Synopsis: Táin Bó Cúailnge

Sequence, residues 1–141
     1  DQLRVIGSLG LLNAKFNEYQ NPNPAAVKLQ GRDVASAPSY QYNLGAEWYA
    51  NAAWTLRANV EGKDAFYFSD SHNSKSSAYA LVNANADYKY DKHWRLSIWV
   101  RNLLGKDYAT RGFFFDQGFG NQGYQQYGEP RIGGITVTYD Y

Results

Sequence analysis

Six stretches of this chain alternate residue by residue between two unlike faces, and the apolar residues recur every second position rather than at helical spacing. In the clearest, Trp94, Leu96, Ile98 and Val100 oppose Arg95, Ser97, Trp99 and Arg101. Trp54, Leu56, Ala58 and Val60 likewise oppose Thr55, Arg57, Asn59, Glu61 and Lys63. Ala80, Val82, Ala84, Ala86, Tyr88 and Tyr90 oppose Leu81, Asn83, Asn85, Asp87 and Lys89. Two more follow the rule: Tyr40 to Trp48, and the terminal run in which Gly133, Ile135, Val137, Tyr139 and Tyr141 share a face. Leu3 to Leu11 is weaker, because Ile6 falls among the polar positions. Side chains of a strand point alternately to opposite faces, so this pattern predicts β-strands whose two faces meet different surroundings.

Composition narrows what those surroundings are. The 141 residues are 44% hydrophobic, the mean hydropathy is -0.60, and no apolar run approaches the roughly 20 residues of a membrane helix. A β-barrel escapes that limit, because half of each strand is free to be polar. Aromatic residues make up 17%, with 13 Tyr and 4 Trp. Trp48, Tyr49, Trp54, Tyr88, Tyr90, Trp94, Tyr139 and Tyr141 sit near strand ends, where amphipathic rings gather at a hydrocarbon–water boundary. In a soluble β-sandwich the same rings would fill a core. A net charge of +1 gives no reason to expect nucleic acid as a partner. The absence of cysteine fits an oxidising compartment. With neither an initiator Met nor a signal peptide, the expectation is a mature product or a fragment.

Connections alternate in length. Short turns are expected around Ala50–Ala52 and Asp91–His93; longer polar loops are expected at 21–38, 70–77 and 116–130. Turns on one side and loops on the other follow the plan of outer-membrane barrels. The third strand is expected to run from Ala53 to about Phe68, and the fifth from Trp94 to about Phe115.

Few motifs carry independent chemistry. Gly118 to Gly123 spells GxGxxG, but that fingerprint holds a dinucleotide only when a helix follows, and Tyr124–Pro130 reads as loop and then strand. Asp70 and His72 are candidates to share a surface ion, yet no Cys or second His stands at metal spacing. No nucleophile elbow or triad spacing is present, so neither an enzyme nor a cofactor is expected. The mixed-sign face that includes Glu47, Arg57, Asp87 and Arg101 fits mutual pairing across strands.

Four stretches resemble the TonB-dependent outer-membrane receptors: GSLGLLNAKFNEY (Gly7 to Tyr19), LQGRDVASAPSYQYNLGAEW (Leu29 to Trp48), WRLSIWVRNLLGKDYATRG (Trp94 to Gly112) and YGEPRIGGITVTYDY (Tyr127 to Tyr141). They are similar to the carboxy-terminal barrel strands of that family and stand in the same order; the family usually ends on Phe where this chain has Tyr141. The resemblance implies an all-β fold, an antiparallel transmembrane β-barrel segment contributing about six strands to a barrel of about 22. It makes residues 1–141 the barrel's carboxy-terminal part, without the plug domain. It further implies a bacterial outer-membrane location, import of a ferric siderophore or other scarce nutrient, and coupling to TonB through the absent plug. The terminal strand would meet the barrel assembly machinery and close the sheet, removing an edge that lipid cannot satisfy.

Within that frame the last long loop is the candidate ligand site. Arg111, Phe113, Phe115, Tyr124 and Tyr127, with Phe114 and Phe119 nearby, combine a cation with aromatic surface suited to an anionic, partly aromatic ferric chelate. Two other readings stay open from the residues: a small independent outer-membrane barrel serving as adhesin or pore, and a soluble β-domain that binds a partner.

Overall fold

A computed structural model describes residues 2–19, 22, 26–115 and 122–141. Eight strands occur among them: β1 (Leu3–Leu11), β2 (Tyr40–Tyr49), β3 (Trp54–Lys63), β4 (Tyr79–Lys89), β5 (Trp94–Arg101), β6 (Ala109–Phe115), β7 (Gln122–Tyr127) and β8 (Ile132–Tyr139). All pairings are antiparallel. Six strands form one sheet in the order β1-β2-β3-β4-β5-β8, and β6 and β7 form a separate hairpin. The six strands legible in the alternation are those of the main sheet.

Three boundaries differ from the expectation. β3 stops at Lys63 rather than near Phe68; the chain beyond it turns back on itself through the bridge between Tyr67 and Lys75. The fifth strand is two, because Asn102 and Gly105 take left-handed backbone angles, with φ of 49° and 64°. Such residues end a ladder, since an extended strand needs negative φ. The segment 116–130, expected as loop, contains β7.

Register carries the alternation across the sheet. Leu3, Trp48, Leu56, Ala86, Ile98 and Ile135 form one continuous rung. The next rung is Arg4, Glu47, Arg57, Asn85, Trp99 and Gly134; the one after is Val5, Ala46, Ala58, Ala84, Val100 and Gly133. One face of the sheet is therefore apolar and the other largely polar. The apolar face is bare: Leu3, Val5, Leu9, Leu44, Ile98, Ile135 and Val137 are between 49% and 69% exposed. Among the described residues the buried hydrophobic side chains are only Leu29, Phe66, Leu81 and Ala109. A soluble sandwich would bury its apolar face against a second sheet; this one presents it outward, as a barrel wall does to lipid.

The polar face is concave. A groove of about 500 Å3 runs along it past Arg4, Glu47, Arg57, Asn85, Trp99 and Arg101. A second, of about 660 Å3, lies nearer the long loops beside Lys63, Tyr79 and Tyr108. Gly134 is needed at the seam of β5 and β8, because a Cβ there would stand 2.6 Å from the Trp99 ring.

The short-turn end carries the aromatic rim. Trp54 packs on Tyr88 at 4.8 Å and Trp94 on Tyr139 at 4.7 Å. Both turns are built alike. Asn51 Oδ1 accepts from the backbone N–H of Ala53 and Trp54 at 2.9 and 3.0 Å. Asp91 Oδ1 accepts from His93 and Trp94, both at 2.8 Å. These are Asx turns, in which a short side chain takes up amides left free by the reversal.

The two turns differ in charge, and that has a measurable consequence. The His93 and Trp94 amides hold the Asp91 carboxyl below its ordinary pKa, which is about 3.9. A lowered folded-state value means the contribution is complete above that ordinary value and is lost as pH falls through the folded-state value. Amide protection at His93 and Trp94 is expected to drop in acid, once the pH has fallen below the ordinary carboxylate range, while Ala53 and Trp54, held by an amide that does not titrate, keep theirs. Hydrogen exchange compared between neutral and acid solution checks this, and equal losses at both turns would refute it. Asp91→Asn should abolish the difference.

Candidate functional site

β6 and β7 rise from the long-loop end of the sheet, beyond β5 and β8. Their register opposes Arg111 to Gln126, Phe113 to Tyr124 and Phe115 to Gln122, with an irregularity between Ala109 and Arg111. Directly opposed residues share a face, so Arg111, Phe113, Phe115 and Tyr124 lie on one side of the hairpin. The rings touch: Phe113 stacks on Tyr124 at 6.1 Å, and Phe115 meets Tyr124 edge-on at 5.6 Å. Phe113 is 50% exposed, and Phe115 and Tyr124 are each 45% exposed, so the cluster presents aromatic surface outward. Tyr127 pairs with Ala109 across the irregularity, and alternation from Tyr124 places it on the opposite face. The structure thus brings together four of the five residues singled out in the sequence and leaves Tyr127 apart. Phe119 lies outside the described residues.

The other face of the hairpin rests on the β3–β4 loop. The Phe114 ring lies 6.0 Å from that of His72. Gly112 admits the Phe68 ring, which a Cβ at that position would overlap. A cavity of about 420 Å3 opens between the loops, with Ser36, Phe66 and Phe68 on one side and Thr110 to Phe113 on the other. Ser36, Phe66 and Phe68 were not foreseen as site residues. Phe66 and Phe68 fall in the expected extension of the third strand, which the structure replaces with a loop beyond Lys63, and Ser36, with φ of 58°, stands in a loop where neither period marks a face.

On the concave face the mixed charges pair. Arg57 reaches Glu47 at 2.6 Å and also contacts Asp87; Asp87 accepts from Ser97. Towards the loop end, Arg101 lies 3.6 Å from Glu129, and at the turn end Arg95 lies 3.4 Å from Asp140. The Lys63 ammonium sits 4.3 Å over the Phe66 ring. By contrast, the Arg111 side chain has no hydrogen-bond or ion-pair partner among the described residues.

Queen Medb and King Ailill of Connacht are having a bit of a marital spat. Ailill is congratulating himself for having drastically improved his wife's standard of living. "Says you," retorts Medb, maintaining that she brought just as much wealth to the marriage as he did. So they decide to count it all up. And lo! It comes out exactly equal. Exactly? Not quite. Ailill has everything his wife has plus an exceptional bull. Crafty Medb hatches a plan. As it happens, there is another bull in Ireland that's as quality as Ailill's. It belongs to the Ulster cattle-lord Dáire mac Fiachna, so she sends a messenger to him asking to borrow it, promising to return it PLUS any calves it gets PLUS she'll have sex with him (Dáire mac Fiachna, not the bull). Who could resist? But, unfortunately, just as Medb's messengers are getting ready to return with the good news, one of Dáire's servants overhears them say that they'd have taken the bull with or without its owner's permission. Of course you realize, this means war. Dáire backs out of the deal, and Medb gathers her forces to invade Ulster and take the bull. Unfortunately for Dáire, all of the Ulstermen are suffering from a mysterious illness caused by an ancient curse and can't defend the land. Their only hope is seventeen-year-old hero Cú Chulainn, who is not affected for reasons that are never satisfactorily explained (but have been rationalised in various ways, his youth - not being a man yet - and having been born outside Ulster being popular). Cú Chulainn doesn't start out very well: he is on border duty when the invaders come, but is too busy chasing tail and lets them cross unopposed. When he finds out what's happened, he sends his dad to warn the king, Conchobar, and starts to harass the army with his sling, before halting their advance by demanding single combat at river crossings. A series of these combats follow - Conchobar doesn't show up with his army for months, thanks to the curse - and Cú Chulainn wins them all, although with increasing difficulty. Eventually, Fergus (his foster-father and former king of Ulster in exile) is sent to fight him, but neither he nor Cú Chulainn can bring themselves to fight each other, and in any case Fergus has no sword - Ailill stole it while he was in flagrante with Medb, and Fergus carved himself a wooden dummy one to conceal the fact. They agree that Cú Chulainn will yield this time, and Fergus will yield the next time they meet, and the army advances to the next river, where the combats resume. After one such combat, Cú Chulainn lies wounded, and is tended by the god Lug, who turns out to be Cú Chulaimn's biological father. While he's out of action, the boys of Ulster awake from the curse, attack the invaders, and are slaughtered. Cú Chulainn, now fully healed, returns to the fray, and seeing what's happened, goes into a ríastrad or "warp-spasm", becoming a hideous, unrecognisable monster who doesn't know friend from foe, and revisits the slaughter on the Connacht army sixfold. Then, as if nothing has happened, the single combats resume, and a new champion is sent to fight him - Fer Diad, his best and most intimate friend from their days training in arms under the warrior woman Scathach, who has mysteriously never been mentioned before. Medb had to get Fer Diad stinking drunk and goad him into saying some things about Cú Chulainn he couldn't take back before he'd agree to fight him. They fight for three days, the early chivalry, sportsmanship and fond reminiscences of the times they used to share a bed eventually giving way to grim, silent struggle. After Fer Diad has been on top for a while, Cú Chulainn loses control, has another warp-spasm, and finishes it by ramming his special spear, the one Scathach taught only him to use, right up Fer Diad's arse. After lamenting his dead chum, Cú Chulainn sits things out for a while, recuperating from his new wounds. Ulster warriors come to his aid in ones and twos, until his dad (although not, as we now know, his real one) finally makes it to king Conchobar and warns him of the invasion, but because he didn't follow the correct protocol he's about to be put to death. He tries to run away but only manages to decapitate himself on the sharpened edge of his own shield. But his severed head continues to cry out his warning to Conchobar, who finally gets the message and raises his army. Big battle. Fergus gets Ailill to give him his sword back and advances against Conchobar, who he hates for murdering someone he'd sworn to protect, and is just about to kill him when another of his foster-sons, Conchobar's son Cormac, stops him. Instead, he cuts off the tops of two nearby hills with one stroke of his sword. Cú Chulainn, seeing Fergus advance, re-enters the fray despite his wounds and demands Fergus live up to their bargain and yield to him. Fergus agrees and pulls his forces off the field. The rest of the Connacht army see this, panic, and start to retreat. In the middle of all this, Medb has her period (although the monk who wrote it, not being overly familiar with female biology, gets a bit confused between blood and urine), and Cú Chulainn comes upon her as she's trying to clean herself up. He decides that, as he doesn't usually kill women, he'll have to protect her, and guards her retreat back to Connacht—with the bull, which had been captured at some point previously. So Medb has lost the battle but gained her bull. But when she gets it home it takes one look at Ailill's bull, and it takes one look back, and they fight. The bull of Cooley kills Ailill's bull and wanders Ireland for a bit, creating placenames with bits of the dismembered carcass, before dying of exhaustion. So now nobody has a bull—Medb and Ailill are finally equal. That's what happens, says Fergus, when a herd of horses is led by a mare, conveniently ignoring his own divided loyalties which were a major cause of the shambles the expedition turned into.